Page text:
In 1970 Pat Hills and Reg Downing from Labor's Right and the Left's Lionel Murphy and Ray Gietzelt engineered Neville Wran's entry into the New South Wales Legislative Council. A mixture of good fortune, finesse and fate was to see him rise to become Labor's leader in the upper house within two years. This rapid rise coincided with a time of conservative dominance in New South Wales politics. The Askin government had been in power since 1965 and after Labor's third consecutive state election defeat the party was desperate for someone to lead it out of the political wilderness. So the Right's John Ducker sought support from the Left's Jack Ferguson and Ray Gietzelt in making Wran leader—electoral misery makes strange bedfellows. The safe seat of Bass Hill was cased and Neville Wran was preselected unopposed as Labor's candidate. On 17 November 1973 Wran was elected as member for Bass Hill. While Wran won Bass Hill, the general election saw a fourth defeat for New South Wales Labor.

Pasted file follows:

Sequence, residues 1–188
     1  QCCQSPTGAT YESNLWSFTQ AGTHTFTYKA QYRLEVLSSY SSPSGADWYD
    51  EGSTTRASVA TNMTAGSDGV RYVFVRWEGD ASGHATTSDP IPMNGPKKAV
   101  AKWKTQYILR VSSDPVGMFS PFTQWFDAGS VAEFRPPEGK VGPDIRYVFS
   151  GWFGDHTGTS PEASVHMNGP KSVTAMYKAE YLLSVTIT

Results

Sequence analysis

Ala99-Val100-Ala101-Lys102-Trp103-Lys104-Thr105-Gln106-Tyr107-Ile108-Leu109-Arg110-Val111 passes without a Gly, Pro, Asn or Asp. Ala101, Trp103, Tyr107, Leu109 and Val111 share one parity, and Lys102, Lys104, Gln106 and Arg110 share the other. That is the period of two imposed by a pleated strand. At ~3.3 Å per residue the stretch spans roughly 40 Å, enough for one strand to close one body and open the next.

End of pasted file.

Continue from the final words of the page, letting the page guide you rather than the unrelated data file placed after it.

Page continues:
Neville Wran was to move quickly and decisively in the wake of that election defeat, nominating for the state parliamentary Labor Party leadership just three days later. The 1973 New South Wales state parliamentary Labor Party leadership ballot between the incumbent, Pat Hills, and challengers Neville Wran and Kevin Stewart was won on a countback. On the morning of the ballot Arthur Gietzelt reminded Jack Ferguson that in the event of a tie after the distribution of preferences the winner would be the candidate who polled the greatest number of primary votes. Jack confirmed the countback practice with the caucus returning officer, Vince Durick, before the vote. Wran polled 18 votes, Hill 17 and Stewart nine. After the distribution of preferences it was Wran 22 and Hills 22. Returning officer Durick duly declared Wran the winner on a countback of primaries.